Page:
But then the back half of the episode hit, and hit it did. Things got real. Cut between silly gags about shaving eyebrows and the development of a multi-person, multi-screen, Rube Goldberg-style chip-eating system, we discovered why Poppy had been burying herself in her work: because, like a lot of us, she was depressed and scared and not sure what to do or how to start once all the distractions peeled themselves away. It all culminated in an emotional moment that I won’t spoil for you except to say this: I watched the episode at about 2 a.m. this week and found myself lying in bed afterward for about 45 minutes, just blown away, staring at my ceiling. It was an emotional hammer, in the best way possible, in the way television and movies can be when they invest in their characters and the story. It was gutting and hopeful and kind and one of my favorite episodes of the year, period, not just quarantine-related.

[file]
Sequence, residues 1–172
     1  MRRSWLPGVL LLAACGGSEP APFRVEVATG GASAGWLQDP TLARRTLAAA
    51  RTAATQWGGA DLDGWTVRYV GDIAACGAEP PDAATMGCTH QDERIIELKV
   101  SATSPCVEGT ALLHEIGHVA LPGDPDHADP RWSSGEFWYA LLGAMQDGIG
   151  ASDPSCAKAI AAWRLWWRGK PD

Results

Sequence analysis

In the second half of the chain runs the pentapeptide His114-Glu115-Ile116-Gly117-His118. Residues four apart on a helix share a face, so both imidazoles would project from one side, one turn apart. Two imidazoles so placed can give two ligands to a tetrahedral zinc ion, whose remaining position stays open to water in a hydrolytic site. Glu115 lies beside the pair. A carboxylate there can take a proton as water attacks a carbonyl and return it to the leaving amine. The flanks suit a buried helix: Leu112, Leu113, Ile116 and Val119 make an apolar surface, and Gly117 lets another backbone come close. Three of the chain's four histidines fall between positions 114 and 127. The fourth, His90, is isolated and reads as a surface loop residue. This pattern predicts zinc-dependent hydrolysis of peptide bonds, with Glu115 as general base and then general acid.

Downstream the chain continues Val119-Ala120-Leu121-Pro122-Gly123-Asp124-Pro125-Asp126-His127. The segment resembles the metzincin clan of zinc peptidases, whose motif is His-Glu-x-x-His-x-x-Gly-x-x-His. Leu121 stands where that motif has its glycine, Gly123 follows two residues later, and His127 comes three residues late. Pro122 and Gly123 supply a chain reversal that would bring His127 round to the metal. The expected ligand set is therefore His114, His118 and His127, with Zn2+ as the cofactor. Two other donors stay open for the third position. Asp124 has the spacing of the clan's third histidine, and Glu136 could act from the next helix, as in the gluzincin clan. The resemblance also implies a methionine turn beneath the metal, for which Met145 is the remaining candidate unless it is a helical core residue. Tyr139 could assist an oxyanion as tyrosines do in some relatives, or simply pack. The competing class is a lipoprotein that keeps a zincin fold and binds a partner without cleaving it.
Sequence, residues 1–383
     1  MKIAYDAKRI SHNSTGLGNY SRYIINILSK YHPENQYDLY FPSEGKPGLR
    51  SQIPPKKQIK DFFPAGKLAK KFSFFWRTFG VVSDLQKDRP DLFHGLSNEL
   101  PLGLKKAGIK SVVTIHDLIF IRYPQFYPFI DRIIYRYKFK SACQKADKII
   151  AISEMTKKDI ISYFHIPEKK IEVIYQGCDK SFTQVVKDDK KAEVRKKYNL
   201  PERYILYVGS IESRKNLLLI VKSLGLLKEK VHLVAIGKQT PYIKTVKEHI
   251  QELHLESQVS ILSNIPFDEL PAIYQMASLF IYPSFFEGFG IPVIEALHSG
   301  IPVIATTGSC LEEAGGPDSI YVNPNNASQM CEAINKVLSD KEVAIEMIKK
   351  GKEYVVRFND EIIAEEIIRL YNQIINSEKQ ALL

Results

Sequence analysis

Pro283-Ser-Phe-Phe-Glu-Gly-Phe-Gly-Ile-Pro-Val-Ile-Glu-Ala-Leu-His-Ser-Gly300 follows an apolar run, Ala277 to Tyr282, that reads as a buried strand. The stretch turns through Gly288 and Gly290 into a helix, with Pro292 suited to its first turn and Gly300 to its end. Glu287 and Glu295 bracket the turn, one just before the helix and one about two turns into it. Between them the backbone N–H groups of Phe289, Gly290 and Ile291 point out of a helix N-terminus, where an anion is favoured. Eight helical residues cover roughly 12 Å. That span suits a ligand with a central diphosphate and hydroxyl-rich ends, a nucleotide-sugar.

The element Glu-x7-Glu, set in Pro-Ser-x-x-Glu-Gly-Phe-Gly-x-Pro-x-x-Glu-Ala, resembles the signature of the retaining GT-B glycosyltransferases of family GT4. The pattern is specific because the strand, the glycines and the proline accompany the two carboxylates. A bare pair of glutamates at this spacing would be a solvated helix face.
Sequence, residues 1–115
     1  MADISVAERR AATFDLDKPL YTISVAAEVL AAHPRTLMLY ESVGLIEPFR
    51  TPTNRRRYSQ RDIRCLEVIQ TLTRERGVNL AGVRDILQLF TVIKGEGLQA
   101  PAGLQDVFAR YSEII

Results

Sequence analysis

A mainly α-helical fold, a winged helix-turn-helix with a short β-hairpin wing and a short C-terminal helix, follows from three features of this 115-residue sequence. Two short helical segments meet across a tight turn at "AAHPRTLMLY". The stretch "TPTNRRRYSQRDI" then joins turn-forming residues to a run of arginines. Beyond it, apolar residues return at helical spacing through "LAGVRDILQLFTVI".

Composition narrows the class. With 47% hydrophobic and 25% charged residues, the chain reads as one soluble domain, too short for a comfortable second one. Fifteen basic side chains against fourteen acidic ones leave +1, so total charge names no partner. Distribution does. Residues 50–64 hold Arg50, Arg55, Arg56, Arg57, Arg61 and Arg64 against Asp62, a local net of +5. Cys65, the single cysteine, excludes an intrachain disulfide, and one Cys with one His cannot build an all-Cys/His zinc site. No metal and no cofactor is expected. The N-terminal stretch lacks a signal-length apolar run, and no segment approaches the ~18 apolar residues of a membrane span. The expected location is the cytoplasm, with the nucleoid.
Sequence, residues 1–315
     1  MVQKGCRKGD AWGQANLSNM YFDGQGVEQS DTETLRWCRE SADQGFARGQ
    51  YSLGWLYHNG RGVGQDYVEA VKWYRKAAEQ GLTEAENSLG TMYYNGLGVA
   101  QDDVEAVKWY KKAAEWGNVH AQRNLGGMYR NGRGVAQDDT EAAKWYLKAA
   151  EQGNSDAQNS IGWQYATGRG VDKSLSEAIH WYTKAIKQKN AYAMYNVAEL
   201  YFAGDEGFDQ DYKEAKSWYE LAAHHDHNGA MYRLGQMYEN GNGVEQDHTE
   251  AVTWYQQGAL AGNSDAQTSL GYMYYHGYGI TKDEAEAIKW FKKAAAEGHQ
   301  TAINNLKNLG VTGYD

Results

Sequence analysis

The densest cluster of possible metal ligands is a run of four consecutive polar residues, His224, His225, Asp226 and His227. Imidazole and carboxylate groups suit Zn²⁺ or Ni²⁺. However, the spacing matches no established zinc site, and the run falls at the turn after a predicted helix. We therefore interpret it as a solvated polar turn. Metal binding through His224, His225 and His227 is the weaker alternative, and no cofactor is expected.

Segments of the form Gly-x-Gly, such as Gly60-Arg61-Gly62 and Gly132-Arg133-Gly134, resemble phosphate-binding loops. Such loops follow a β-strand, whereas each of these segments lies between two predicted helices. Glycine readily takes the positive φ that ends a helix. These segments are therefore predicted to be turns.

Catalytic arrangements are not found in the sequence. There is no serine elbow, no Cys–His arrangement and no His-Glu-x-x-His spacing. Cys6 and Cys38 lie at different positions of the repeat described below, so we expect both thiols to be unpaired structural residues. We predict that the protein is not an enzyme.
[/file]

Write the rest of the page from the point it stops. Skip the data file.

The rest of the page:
And then it all ended with the Rube Goldberg reveal set to the Rocky music. I suspect it marked the first time I have ever cried a little while watching someone eat a single chip. The whole thing was a triumph of storytelling and capturing a moment in a human way. If you can find your way into yet another streaming service and can find time for yet another show, seek out Mythic Quest. It’s a good piece of business.
ITEM NUMBER TWO — What a shockingly good week it was for the song “Kokomo”
“Kokomo” is a song by The Beach Boys that was released in 1988. It is famous for two notable reasons: One, it is played at every tourist-y beach bar in the Western Hemisphere every hour on the hour, all day and night, or at least it feels like that; two, yes that is John Stamos on drums in the music video. It was a whole thing. You can look it up if you want to. I don’t have time to get into it right now because we are here to talk about the present, not the past. And in the present, here, this week, somehow, “Kokomo” is having a bit of a moment.
First, Space Force, and yes, there will be some mild spoilers in the next few sentences. Nothing that will ruin your life or potential enjoyment of the show. The short version goes like this: In the first episode, Steve Carell’s character, the head of the titular Space Force, is having a very bad day. He needs to calm down. So, he takes a deep breath, stares out the window, and…